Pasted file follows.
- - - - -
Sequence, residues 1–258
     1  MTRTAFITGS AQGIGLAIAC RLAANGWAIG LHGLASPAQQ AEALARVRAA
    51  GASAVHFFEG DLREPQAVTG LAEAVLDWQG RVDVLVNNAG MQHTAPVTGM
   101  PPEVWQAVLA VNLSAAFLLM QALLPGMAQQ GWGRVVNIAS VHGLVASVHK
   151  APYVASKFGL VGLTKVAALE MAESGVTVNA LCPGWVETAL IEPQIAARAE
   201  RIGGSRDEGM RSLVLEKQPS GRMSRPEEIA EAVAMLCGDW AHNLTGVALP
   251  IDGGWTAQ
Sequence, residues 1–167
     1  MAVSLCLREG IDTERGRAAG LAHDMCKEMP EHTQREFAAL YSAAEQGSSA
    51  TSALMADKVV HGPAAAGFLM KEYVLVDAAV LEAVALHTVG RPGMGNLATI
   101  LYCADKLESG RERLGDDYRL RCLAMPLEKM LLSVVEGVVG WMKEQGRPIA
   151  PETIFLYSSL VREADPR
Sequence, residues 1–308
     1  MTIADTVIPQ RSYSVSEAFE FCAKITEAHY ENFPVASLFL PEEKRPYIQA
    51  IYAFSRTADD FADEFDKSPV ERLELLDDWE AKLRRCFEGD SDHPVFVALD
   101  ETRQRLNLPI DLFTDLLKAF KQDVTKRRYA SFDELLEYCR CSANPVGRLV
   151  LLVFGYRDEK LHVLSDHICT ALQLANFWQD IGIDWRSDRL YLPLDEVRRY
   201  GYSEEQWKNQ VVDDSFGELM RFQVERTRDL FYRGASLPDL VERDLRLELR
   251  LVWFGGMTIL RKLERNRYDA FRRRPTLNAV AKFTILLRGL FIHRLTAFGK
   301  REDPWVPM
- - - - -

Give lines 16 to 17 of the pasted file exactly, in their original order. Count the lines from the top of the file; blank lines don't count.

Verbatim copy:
   101  ETRQRLNLPI DLFTDLLKAF KQDVTKRRYA SFDELLEYCR CSANPVGRLV
   151  LLVFGYRDEK LHVLSDHICT ALQLANFWQD IGIDWRSDRL YLPLDEVRRY